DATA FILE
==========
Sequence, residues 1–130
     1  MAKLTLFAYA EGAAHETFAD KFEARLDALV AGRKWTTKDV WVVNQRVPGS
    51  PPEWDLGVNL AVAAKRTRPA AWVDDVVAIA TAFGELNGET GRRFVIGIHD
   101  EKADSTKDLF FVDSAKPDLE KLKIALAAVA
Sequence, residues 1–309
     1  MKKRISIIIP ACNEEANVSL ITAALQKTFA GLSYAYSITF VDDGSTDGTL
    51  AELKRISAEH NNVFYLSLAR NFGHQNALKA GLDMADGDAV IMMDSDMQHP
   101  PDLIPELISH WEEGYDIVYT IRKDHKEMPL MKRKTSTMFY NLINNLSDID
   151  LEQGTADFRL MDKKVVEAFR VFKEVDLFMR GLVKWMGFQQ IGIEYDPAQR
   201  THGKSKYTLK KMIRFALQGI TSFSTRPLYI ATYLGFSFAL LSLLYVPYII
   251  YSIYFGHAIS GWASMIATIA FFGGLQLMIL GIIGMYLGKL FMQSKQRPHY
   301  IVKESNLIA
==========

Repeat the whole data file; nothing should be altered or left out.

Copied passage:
Sequence, residues 1–130
     1  MAKLTLFAYA EGAAHETFAD KFEARLDALV AGRKWTTKDV WVVNQRVPGS
    51  PPEWDLGVNL AVAAKRTRPA AWVDDVVAIA TAFGELNGET GRRFVIGIHD
   101  EKADSTKDLF FVDSAKPDLE KLKIALAAVA
Sequence, residues 1–309
     1  MKKRISIIIP ACNEEANVSL ITAALQKTFA GLSYAYSITF VDDGSTDGTL
    51  AELKRISAEH NNVFYLSLAR NFGHQNALKA GLDMADGDAV IMMDSDMQHP
   101  PDLIPELISH WEEGYDIVYT IRKDHKEMPL MKRKTSTMFY NLINNLSDID
   151  LEQGTADFRL MDKKVVEAFR VFKEVDLFMR GLVKWMGFQQ IGIEYDPAQR
   201  THGKSKYTLK KMIRFALQGI TSFSTRPLYI ATYLGFSFAL LSLLYVPYII
   251  YSIYFGHAIS GWASMIATIA FFGGLQLMIL GIIGMYLGKL FMQSKQRPHY
   301  IVKESNLIA